According to the commission, it is working assiduously to enrol 250,000 contributors within six months of the commencement of the initiative. The scheme is an offshoot of the pension industry fiveyear strategic plan to expand the coverage of the CPS to 20 million contributors by 2019. The commission is also targeting the self-employed in various trades and professions in Nigeria such as artisans, accountants, lawyers, mechanics, tailors, market men/women, hair dressers, architects, engineers among others. “We have reviewed the implementation of micro pension in other jurisdictions like Kenya and Ghana; formulated guidelines and framework on micro pension; consulted licensed Pension Industry Operators and enhanced its information and communications technology capacity to accommodate the scheme,” stated the commission. The scheme will avail the contributor access to regular stream of retirement income at old age and improved living standards for the elderly. The contributors are to benefit from the various incentives to be offered by the PFAs just as the initiative will deepen financial literacy and inclusion. PenCom also declared that as this category of workers constitutes the larger percentage of the working population in the country, there is no doubt that to achieve the pension industry’s strategic objective of covering 30 per cent of the working population in Nigeria under the CPS by the end of 2024, all efforts should be made to extend coverage to this important segment of the Nigerian economy.
Mode of contribution
As part of the arrangement, the contributors in this segment may be expected to make contributions daily, weekly, monthly or as may be convenient for them as the plan is open to individuals who are 15 years and above with legitimate source of income and resident in Nigeria. In the same vein, every contribution made shall be split into two comprising 25 per cent for contingent withdrawal and 75 per cent for retirement benefits just as the contributions shall be made by cash, electronically or any payment platform approved by the Central Bank of Nigeria (CBN). PenCom maintained that contributors shall be eligible to access the portion of their contributions available for withdrawal one month after making the initial contribution, stressing that contingent withdrawal can be made anytime. A contributor may withdraw the total balance of the contingent portion of his/her Retirement Saving Account (RSA) including all accrued investment income thereto, and that payment of contingent withdrawal shall not exceed two working days. The regulator noted that a contributor shall be eligible to access pension upon attaining the age of 50 years or on health ground in accordance with the law, adding that a contributor shall also be entitled to guaranteed minimum pension, provide they satisfy the provision of Section 84 (1) of the Pension Reform Act (PRA) 2014.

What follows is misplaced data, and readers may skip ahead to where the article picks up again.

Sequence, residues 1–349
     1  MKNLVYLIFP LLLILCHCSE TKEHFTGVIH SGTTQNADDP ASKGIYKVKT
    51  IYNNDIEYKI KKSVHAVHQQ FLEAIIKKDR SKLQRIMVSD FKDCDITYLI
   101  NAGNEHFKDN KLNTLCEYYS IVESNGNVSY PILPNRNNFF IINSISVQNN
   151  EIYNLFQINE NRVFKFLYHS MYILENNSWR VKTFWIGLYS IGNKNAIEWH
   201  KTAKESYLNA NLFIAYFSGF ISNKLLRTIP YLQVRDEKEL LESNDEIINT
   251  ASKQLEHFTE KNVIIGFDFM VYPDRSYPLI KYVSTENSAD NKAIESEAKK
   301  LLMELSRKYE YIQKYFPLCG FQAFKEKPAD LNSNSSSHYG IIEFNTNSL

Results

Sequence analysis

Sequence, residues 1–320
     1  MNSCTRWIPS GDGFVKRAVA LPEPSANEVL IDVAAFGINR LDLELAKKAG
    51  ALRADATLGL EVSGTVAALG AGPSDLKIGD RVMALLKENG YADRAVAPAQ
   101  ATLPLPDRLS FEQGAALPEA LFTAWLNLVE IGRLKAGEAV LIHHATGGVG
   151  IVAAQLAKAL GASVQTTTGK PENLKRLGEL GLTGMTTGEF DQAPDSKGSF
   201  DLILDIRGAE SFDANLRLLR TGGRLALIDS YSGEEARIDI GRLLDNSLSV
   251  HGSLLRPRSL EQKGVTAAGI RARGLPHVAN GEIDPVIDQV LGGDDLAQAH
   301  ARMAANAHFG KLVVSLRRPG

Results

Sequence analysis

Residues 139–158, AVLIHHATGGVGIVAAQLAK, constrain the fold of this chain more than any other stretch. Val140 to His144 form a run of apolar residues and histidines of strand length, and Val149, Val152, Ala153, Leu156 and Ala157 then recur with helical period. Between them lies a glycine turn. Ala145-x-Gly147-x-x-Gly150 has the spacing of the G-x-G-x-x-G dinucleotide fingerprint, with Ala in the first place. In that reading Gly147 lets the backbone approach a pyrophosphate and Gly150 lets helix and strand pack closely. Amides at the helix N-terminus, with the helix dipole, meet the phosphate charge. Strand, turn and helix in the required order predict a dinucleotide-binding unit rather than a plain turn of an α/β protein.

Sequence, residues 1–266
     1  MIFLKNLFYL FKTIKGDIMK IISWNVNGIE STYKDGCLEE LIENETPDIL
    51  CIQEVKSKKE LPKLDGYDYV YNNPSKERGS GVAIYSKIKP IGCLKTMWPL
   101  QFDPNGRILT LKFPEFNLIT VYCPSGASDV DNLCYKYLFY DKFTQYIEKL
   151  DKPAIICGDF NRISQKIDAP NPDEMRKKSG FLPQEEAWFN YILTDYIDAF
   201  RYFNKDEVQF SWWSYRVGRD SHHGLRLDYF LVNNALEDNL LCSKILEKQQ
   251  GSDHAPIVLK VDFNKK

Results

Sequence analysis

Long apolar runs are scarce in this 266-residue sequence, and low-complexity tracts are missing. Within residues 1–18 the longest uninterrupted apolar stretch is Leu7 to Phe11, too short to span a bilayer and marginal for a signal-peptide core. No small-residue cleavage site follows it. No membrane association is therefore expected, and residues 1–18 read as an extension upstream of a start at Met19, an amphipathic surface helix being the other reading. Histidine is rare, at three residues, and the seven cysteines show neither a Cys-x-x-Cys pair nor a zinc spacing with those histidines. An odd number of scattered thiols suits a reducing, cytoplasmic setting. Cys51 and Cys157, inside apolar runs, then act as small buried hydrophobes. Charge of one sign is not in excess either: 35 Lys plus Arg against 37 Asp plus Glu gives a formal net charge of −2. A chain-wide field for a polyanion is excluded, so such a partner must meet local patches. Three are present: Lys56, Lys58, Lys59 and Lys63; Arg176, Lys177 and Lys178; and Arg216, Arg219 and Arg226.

Highlighting some of the likely challenges of the scheme, Mr. Eric Fajemisi, Stanbic of IBTC Pension Managers Limited, said, though micro-pension scheme is good for the country, it, however, has its own challenges, which include insufficient awareness and negative perception towards it, modest financial literacy in the country, high cost of promoting awareness on the CPS, lack of reliable data on the informal sector and low buy-in by unions in the pension sector, among others. These challenges, he noted, must be addressed prior to commencement of the scheme and thereafter. He, however, believes that, when finalised, the scheme will ensure improved standard of living for the elderly, guarantee the safety of funds and may provide access to other incentives, such as mortgage facilities and health insurance. According to him, other benefits include flexible contribution remittances, the opportunity to make withdrawal prior to retirement and the enhancement of financial inclusion and attainment of economic stability objectives. He described the proposed micro pension scheme as having the capacity to deepen asset accumulation in Nigeria, which will also provide the vital capital required for investment in critical sectors of the economy. According to Dahir-Umar, the implementation of the micro pension plan is expected to improve the standard of living of the informal sector participants at retirement and reduce dependence on extended family for support at retirement.
As informal sector workers eagerly await the implementation of the scheme, it is also expedient for the Federal Government to formally launch the process, especially now that the industry regulator had done everything within its powers to guarantee the smooth take-off of the plan. This has become very urgent in the sense that apart from driving Federal Government’s financial inclusion programme, it will also give those targeted a sense of belonging as well as boosting the nation’s Gross Domestic Product (GDP).